NANNAS vs BENS BABES
3 v 4
TH, CG, CB, EC, GM, SJG (MOM)
2,000 squeaks and blood blisters to prove it. A masculine badge of linoleum movements.
Nanna’s were all heart. Scrappy, passionate and poetic.
The other team, let’s call them The Others were economical with their defence and sexless with their attack, but like Germans their progress was methodical and inevitable.
They were younger than us, they were faster than us, they were stronger than us but we were honest, more heartfelt and sincere, but sincerity wins nothing and poetry in the gymnasium impresses less, its a game of numbers and grit.
Our trophy horse Brazilian Guido trotted, twirled and netted us some swift goals. He was unflappable.
Elliot ran with the skeleton of a teenager, his skin holding on as he darted like a weed into the Others field of orange shirts, thin, winding, inevitable and flowering into the net through his doggeded persistence.
Chris was like a funky lightning storm, capturing the flashing rain balls with his slap action defences.
I wanted to win for Coach
I felt that coach was my father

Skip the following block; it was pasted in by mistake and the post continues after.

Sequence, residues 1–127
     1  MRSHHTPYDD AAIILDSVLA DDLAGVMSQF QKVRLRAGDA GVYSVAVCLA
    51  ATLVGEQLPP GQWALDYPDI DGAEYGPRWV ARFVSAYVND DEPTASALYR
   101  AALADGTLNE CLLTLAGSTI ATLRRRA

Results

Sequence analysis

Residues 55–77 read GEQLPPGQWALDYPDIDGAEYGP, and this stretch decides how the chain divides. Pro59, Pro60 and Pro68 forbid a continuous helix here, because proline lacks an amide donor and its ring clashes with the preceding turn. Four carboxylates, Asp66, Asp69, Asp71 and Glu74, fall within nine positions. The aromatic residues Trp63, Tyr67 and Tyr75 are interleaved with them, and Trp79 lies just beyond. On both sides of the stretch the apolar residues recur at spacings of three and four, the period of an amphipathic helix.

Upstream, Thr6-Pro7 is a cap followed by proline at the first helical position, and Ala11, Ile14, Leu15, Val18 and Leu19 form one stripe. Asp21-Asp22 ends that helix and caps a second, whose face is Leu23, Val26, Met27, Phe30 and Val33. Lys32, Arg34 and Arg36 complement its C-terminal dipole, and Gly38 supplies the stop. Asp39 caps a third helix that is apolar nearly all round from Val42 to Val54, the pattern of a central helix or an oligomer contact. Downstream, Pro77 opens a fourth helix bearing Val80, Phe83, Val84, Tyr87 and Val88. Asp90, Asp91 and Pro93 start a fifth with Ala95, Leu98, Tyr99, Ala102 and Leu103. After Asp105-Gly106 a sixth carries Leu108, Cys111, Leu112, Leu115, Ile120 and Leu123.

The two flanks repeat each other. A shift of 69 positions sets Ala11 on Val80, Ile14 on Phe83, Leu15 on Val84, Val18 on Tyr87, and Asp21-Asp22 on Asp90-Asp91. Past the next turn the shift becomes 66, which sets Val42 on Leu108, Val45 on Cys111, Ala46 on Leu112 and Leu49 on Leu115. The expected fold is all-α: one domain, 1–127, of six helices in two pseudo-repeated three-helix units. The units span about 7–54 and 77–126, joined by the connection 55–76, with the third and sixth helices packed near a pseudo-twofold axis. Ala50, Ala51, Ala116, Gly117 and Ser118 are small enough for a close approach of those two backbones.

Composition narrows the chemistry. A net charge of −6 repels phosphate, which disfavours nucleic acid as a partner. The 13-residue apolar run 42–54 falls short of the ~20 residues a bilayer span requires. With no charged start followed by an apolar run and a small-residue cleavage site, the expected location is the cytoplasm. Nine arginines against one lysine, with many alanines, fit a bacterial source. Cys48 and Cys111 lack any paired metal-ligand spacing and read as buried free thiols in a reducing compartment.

He felt everything, saw everything and knew our form missed the dynamo of connection.
We chased the game, she never came to our side, flirted with us like a summer flame but extinguished by our existential desperation.
But let’s talk about masculinity.
The fuel that dripped from The Others curly haired attacking midfielder.
Irritable and discontent from first whistle to sulked handshakes, earning a yellow card early and sat at a idling ‘strangle-you-to-death-in-a shallow-pool-of-your-own-blood’ mode for the entire match.
I had my own dance with a young fellow toe toucher and shoulder rubber. The referee bless him corrected our dance steps, sought to the tune of his repeated whistles and explanations of the rules in slow threatening tones.
We clawed back to 4-3 just before the end, and I think began to believe in ourselves. Located our weaknesses and knew our straight forward truths of the game.
We were men who had seen the world, raised children, grown flowers, buried our friends. We knew of life, and this was our strength, the foibles of youth weren’t in our loins no-longer, and we could see their awkward self expressions and need for society’s acceptance.
Their fatherhood had not come from the mountain.
We had touched the lightning, grown the child, felt the blood of a dark night and spoken to ghosts.
For a game is just a war without weapons, a schizophrenic poem of sport.
What better way to understand the game than seeing Australia’s greatest jazz pianist collapse his newest compositions in a Brunswick jazz club post match. A Sax player ripping the instrument apart, fragmenting the sound into pure physicality, beyond emotion, into swathes of colour and then just black waves moving into daylight.